Study Reference:

Pate, A. M, Lavrakas, P. J., Wycoff, M. A., Skogan, W. G., & Sherman, L. W. (1985). Neighborhood police newsletters: Experiments in Newark and Houston, technical report. Washington, DC: Police Foundation.

 

Location in the Matrix; Methodological Rigor; Outcome:

Neighborhood, General, Proactive; Very Rigorous; No evidence of an effect

 

What police practice or strategy was examined?

This study examines a community-policing strategy by the Newark Police Department that increases the flow of information to community members in the form of neighborhood newsletters. The newsletters contained a mix of general and specific items. The general items included crime prevention and other safety items meant to provide the reader with a sense that there were precautionary measures which could be employed to increase personal, household, and neighborhood security. Included among the neighborhood items was information about area officers, and “good news” stories about crime that had been prevented or solved, or other situations that had been resolved because of efforts of the police and citizens in the area. Two versions of the newsletter were tested. One version was the newsletter with an insert showing local crime statistics for the past month. The second version was the newsletter without the local crime statistics insert.

 

How was the intervention evaluated?

In Newark, the program area was a neighborhood in the southeast part of the city, from which a random sample of households were selected. Households were then randomly assigned to one of three conditions: the treatment conditions represented by each version of the newsletter, and the “control” condition represented by households which were not mailed any newsletter. The Newark sample contained 504 households. Some respondents were interviewed before newsletter distribution and again 6 months later. Others were interviewed only 6 months after newsletter distribution began.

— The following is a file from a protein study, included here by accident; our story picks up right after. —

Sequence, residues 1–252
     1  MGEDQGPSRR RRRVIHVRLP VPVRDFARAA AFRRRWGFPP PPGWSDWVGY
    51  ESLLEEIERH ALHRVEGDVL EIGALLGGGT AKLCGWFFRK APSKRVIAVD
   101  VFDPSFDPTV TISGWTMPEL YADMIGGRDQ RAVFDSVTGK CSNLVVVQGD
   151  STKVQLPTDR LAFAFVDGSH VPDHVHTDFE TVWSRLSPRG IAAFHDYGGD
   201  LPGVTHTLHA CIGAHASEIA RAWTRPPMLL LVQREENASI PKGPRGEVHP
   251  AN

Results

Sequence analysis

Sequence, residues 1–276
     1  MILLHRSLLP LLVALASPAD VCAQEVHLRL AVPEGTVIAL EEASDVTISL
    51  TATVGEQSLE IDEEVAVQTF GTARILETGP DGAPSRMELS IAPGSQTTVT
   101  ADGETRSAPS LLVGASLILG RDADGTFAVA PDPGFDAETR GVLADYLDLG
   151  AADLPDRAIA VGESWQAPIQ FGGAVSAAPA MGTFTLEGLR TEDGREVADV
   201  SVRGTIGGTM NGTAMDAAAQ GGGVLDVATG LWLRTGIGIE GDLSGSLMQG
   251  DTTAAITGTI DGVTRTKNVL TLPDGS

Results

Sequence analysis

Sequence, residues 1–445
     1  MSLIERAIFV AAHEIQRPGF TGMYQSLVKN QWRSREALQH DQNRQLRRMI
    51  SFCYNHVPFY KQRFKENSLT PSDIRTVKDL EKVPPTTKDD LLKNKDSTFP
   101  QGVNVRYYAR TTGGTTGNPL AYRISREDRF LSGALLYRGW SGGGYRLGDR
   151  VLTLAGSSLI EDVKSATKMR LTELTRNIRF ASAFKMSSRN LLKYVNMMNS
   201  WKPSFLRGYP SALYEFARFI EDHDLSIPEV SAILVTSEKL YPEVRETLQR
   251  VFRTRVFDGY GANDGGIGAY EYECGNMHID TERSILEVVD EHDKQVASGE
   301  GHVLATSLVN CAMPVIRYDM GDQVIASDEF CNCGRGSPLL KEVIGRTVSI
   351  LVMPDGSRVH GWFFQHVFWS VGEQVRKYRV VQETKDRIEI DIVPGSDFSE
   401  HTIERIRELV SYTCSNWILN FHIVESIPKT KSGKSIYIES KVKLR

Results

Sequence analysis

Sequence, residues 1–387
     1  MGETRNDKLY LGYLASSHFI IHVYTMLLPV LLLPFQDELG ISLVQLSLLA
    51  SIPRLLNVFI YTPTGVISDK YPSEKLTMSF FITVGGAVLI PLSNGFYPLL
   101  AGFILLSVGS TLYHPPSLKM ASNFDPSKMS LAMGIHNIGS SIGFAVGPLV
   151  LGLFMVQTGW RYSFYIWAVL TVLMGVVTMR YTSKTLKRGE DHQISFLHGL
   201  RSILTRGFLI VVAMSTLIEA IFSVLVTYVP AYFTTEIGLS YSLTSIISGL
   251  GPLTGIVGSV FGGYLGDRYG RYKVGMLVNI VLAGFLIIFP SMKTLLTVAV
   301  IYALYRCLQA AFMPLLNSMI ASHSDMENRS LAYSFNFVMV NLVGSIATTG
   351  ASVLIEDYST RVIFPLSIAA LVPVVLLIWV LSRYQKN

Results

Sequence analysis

What were the key findings?

Respondents in households that were sent newsletters without crime statistics undertook significantly fewer actions to protect their home against crime than did those sent no newsletter, while respondents sent newsletters with statistics gave a significantly less positive evaluation of police service in the area than did those sent no newsletter. Additionally, household receiving newsletters with crime statistics perceived their local crime information to be significantly more accurate than the other treatment group.

 

What were the implications for law enforcement?

The authors suggest that police community newsletters, although successfully implemented as planned for six months, were generally unsuccessful in achieving their desired outcomes.

 

Where can I find more information about this intervention, similar types of intervention, or related studies?

All studies in the Matrix on neighborhood

Systematic review of community-oriented policing

BJA Information on community crime prevention

Maryland Report Chapter on Communities and Crime Prevention

Matrix Brief – Community newsletter program in Houston